Chu Teh-Chun


Chu Teh-Chun (b.1920, Baitu, Jiangsu, China; d.2014, Paris, France) is renowned for his abstract oil paintings of imagined and dramatic landscapes. Although painted from the confines of his studio, Chu’s landscapes are inspired by his extensive travels and have a profound sense of depth, poetry and musicality. 


Born into a wealthy family, Chu began to learn calligraphy aged five, while also acquiring a fundamental knowledge of Tang dynasty poetry. As a result of his family’s art collection, he discovered and studied the works of Wang Xizhi and, in 1935, went on to study European Watercolour and Oil Painting under Wu Dayu at the National Academy of Fine Arts, Hangzhou. His lessons with modern ink master Pan Tianshou enabled Chu to become familiar with the freedom and innovation of the Qing individualists, in particular Bada Shanren’s subjective and revolutionary approach to space and Shitao’s emphasis on the calligraphic line. During his time at the Academy, he became friends with fellow student Zao Wou-ki and later persuaded Wu Guanzhong to give up engineering for painting, who is now recognised as a founder of modern Chinese painting. The outbreak of the Sino-Japanese War in 1937 forced the Academy into itinerancy, allowing Chu to see the dramatic landscapes of southern China. After teaching drawing at the National Central University in Nanjing and Fine Art at the National Taiwan Normal University in Taipei inTaiwan, Chu moved to Paris in 1955. 


After settling in Paris, Chu began to adopt the figurative realism that he saw in the Paris Salon, earning him the Silver Medal in 1956. That same year, after a visit to a Nicolas de Staël retrospective at the Musée National d’Art Moderne, Chu began to pursue abstraction. Staël had a lasting impression on Chu, his works inspiring the iconic visual language that Chu aimed to refine for the rest of his life. The contemporary European enthusiasm for avant-garde non-figurative abstraction and action painting encouraged Chu to rediscover ‘abstract’ elements within his own painting tradition. Since the Tang dynasty, Chinese literati painting had abstracted from nature and regarded painting, calligraphy and poetry as interwoven threads of the same fabric. Although Chu adopted the traditional European medium of oil painting, he regarded his approach as inherently Chinese. He resumed his study of calligraphy in the late 1960s, imbuing his spontaneous compositions with an increasingly practised hand, and instilling his works with the wisdom of ancient classical texts, such as the Book of Changes. The sweeping brushstrokes of Chu’s ink, gouache and oil works explore the inseparable relationship between painting and calligraphy and carry the weight of the mythical origins of Chinese writing.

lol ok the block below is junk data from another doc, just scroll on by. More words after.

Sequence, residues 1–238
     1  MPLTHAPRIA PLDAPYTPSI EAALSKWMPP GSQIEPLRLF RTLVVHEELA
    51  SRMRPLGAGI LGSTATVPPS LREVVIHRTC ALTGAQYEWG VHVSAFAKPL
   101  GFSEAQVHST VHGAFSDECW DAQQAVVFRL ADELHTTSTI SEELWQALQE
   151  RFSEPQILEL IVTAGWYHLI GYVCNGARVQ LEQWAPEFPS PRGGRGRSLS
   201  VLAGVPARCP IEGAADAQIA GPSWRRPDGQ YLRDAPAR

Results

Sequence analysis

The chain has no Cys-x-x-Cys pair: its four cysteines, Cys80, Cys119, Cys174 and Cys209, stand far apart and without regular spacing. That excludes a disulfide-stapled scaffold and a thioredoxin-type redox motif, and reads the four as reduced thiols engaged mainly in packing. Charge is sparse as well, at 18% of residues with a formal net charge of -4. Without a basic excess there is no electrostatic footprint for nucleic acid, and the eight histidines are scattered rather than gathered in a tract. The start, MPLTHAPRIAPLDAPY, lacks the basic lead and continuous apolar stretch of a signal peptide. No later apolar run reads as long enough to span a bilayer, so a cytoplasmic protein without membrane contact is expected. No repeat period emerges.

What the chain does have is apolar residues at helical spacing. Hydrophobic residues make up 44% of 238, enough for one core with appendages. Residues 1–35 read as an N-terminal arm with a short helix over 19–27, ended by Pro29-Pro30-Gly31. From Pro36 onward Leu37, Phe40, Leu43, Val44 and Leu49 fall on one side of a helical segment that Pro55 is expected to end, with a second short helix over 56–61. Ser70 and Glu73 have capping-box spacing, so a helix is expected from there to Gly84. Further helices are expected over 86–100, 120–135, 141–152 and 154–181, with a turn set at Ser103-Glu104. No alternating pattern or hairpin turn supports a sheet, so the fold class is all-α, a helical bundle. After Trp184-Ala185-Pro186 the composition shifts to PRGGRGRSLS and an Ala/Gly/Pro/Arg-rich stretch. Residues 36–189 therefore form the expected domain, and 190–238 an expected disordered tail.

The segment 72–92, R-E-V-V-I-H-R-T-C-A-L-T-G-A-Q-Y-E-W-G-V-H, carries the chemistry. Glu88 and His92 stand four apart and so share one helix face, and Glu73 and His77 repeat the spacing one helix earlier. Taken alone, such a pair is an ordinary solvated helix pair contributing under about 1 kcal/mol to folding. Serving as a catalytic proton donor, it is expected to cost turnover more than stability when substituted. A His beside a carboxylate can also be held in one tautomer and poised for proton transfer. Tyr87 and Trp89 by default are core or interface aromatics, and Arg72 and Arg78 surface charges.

Chu resided in Paris for the remainder of his life, eventually adopting French citizenship in 1980. In 1997, he became the first Chinese member of the Académie des Beaux-Arts, Paris and was awarded the Chevalier de l’Ordre des Palmes Académiques and the Chevalier de la Légion d’Honneur in 2001. The Fondation CHU Teh-Chun was founded in Geneva in 2017 by the artist’s family and in 2020, to mark the 100th anniversary of his birth, they collaborated on a new documentary film about Chu’s personal and artistic journey from a turmoil-ridden China to his professional rise and recognition in France. 

Chu Teh-Chun, who rapidly gained international recognition, has been the subject of several important retrospectives. Some notable ones include: André Malraux Museum, Le Havre (1982); Shanghai Museum of Art (2000); National Museum of History of Taipei, Taiwan (2008);  National Art Museum of China, Beijing (2010); and Fondation Monticelli, Marseille (2015). The retrospective In Nebula, curated by Matthieu Poirier, took place at the Fondazione Giorgio Cini in Venice from 20 April to 30 June 2024, on the occasion of the 60th edition of the Venice Biennale of International Art. His work is also represented in public collections, including the Bibliothéque Nationale, Paris; Guangdong Museum of Art, Guangzhou, China; Musée des beaux-arts André Malraux, Le Havre; Musée d’art moderne de la Ville de Paris; Musée Cernuschi, Paris; National Museum of History, Taipei; Shanghai Museum of Art, Shanghai; and Taipei Fine Art Museum, Taiwan.

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